[Bioperl-l] Fetching genomic sequences based on HUGO names or GeneIDs

Sean Davis sdavis2 at mail.nih.gov
Tue Feb 14 15:02:59 EST 2006


You can look get the upstream regions for genes via the table browser at
UCSC.  If you want to do it yourself, just download their refGene table (as
a tab-delimited text file) that includes the HUGO gene name.  Then, use the
method given by Brian to look up the locations.  The genome just isn't THAT
big to download and to store locally.  Note that most of the big sites (like
NCBI, for example) impose restrictions on the number and timing of hits, so
utilizing them for high-thoughput analysis (like for gene expression
studies) is not always feasible.  I have found that having the data locally
is almost always better.

Sean
 


On 2/14/06 12:15 PM, "Harry Mangalam" <hjm at tacgi.com> wrote:

> Hi Brian,
> 
> Thanks very much for the pointers and the speed of your reply and apologies
> for the speed of mine.
> 
> This looks good, but what I was looking for was a bioP approach for hooking to
> an API at NCBI or EBI so I could get this info and seqs from them.  In this
> case, speed of retrieval is not critical and I'd rather not download the
> entirety of the sequences to a local disk to hack at them.
> 
> I've determined a screen-scraping approach to get them and could script that,
> but I thought that bioP had a method for using NCBI's external API's, tho it
> may be that my memory is faulty or the approach is no longer supported due to
> overload.  
> 
> Does NCBI make such APIs available anymore?  I searched a bit for docs on them
> but couldn't find anything (unless it's buried in the NCBI tookit, which I
> haven't started to excavate).
> 
> Failing that, would SEALS provide such a service? Any PerlPinipeds listening?
> 
> Harry
> 
> 
> 
> 
> 
> 
> On Sunday 12 February 2006 08:37, Brian Osborne wrote:
>> Harry,
>> 
>> Hope you're doing well. The approach could be based on Bio::DB::Fasta. So,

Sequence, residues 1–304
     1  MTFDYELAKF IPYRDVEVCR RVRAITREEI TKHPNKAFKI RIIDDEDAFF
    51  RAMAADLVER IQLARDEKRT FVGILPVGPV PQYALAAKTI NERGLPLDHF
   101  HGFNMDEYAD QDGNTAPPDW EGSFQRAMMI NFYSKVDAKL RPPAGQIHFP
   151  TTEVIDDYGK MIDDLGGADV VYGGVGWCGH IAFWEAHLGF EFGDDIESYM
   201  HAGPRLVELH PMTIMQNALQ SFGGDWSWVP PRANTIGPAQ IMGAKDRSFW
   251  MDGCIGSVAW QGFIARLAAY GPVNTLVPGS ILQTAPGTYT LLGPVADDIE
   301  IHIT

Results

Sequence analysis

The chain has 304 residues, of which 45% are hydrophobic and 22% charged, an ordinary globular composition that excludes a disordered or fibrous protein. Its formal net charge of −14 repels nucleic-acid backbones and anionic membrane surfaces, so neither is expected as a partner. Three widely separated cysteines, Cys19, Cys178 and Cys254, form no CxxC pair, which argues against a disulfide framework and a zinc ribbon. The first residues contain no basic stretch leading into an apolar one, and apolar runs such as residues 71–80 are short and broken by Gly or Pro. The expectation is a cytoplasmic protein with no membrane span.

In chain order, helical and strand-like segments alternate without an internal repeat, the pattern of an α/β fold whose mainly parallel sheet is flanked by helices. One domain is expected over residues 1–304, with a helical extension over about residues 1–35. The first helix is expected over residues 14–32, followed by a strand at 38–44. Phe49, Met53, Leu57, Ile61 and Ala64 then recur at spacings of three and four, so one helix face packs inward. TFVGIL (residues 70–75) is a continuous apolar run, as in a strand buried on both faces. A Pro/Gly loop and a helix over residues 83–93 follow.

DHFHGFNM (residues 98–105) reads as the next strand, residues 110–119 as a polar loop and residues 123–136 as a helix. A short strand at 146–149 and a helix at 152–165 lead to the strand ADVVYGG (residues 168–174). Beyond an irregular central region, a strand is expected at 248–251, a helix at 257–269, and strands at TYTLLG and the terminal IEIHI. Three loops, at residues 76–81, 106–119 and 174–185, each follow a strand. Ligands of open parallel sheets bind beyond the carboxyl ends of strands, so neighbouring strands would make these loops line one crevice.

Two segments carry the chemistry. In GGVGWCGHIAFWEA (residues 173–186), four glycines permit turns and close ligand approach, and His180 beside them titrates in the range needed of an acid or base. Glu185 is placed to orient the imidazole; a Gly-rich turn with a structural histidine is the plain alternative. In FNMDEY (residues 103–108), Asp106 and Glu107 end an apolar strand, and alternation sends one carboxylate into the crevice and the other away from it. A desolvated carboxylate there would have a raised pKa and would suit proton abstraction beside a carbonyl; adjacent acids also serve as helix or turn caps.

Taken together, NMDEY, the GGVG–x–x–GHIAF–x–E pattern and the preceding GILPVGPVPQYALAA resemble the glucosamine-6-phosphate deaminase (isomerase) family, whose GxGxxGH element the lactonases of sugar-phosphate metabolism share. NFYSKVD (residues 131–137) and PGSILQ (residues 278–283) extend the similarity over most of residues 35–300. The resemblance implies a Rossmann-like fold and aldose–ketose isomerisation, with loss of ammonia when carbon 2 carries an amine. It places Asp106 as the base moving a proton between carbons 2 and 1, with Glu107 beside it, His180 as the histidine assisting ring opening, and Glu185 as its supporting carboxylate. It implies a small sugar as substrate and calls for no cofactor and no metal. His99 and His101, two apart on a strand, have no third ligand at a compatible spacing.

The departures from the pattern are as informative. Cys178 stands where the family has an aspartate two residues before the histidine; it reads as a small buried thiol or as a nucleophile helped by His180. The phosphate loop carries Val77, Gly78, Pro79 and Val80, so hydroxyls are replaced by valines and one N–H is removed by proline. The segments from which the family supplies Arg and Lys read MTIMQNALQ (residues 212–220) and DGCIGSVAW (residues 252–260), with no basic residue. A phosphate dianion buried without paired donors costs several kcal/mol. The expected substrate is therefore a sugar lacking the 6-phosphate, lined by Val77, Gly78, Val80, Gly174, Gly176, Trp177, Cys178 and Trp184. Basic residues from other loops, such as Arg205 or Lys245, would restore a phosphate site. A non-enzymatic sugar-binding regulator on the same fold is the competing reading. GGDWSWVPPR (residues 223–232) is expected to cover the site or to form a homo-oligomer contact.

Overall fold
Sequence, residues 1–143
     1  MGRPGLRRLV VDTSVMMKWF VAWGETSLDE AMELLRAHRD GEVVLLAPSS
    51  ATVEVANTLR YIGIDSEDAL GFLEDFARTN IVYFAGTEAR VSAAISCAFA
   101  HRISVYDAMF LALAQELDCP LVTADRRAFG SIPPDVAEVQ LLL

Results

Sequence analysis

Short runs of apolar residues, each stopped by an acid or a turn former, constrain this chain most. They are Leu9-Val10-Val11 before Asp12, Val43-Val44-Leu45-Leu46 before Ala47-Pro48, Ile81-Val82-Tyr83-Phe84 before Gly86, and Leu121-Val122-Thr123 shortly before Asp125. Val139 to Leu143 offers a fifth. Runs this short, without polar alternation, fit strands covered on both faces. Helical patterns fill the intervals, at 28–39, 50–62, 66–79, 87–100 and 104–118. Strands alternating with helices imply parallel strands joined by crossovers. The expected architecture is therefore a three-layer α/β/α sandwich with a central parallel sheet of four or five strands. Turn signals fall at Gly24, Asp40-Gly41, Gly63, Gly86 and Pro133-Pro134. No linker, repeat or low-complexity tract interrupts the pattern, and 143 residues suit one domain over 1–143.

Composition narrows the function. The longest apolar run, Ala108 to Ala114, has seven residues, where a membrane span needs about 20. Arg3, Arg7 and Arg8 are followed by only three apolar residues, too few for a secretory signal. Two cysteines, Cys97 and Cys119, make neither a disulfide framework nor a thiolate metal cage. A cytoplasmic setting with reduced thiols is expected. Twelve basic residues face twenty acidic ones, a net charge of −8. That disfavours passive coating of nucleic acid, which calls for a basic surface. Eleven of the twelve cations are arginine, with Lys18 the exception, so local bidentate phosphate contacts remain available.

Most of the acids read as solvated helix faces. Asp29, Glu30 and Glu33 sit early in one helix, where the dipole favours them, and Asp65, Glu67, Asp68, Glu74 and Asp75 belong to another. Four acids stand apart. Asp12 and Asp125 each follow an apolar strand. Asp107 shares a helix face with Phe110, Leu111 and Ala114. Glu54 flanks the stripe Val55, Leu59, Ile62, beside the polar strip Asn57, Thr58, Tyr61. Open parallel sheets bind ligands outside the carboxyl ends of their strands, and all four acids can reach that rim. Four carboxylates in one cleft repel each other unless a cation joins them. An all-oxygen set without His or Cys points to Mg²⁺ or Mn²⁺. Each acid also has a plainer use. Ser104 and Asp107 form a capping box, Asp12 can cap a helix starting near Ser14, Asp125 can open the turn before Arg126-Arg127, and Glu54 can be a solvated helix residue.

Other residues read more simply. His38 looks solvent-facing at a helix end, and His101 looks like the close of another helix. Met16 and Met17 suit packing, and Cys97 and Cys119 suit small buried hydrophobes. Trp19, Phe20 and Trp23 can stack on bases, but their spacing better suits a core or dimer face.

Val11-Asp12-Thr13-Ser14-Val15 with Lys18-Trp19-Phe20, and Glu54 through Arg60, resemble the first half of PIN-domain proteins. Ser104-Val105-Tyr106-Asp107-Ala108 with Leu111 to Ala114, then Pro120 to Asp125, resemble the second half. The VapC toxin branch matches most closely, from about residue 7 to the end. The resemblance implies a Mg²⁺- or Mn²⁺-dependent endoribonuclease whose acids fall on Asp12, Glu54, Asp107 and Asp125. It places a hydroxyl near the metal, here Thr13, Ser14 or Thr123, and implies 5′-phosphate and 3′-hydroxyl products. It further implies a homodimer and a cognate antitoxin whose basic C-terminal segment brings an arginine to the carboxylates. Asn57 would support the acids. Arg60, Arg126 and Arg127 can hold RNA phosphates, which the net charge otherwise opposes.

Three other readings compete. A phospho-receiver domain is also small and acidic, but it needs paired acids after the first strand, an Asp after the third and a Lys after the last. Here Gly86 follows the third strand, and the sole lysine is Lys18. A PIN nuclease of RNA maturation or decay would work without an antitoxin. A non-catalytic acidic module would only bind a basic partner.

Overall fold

>> from its documentation:
>> 
>>   use Bio::DB::Fasta;
>> 
>>   # create database from directory of fasta files
>>   my $db      = Bio::DB::Fasta->new('/path/to/fasta/files');
>> 
>>   # simple access (for those without Bioperl)
>>   my $seq      = $db->seq('CHROMOSOME_I',4_000_000 => 4_100_000);
>>   my $revseq   = $db->seq('CHROMOSOME_I',4_100_000 => 4_000_000);
>>   my @ids     = $db->ids;
>>   my $length   = $db->length('CHROMOSOME_I');
>>   my $alphabet = $db->alphabet('CHROMOSOME_I');
>>   my $header   = $db->header('CHROMOSOME_I');
>> 
>>   # Bioperl-style access
>>   my $db      = Bio::DB::Fasta->new('/path/to/fasta/files');
>> 
>>   my $obj     = $db->get_Seq_by_id('CHROMOSOME_I');
>>   my $seq     = $obj->seq;
>>   my $subseq  = $obj->subseq(4_000_000 => 4_100_000);
>> 
>> Do you already have the offsets?
>> 
>> Brian O.
>> 
>> On 2/12/06 1:46 AM, "Harry Mangalam" <hjm at tacgi.com> wrote:
>>> Hi All,
>>> 
>>> After perusing the tutorial and other docs for a an evening, I still
>>> can't find the answer to this.  Forgive me if I've missed something
>>> obvious.
>>> 
>>> This should not be a novel request, but I've not found it answered.  If
>>> bioperl isn't the best way to do this, I'd be grateful to a pointer to a
>>> better way, especially if it includes an illuminating bit of code.
>>> 
>>> The problem is to retrieve genomic sequences plus & minus some offset
>>> from a locus determined by HUGO keyword or GeneID.  This would be a
>>> common followup chore for some extra analysis from a gene expression
>>> expt.  Or maybe this is in the DBFetch routines, but I've missed the
>>> sequence type to specify...?
>>> 
>>> 
>>> TIA!




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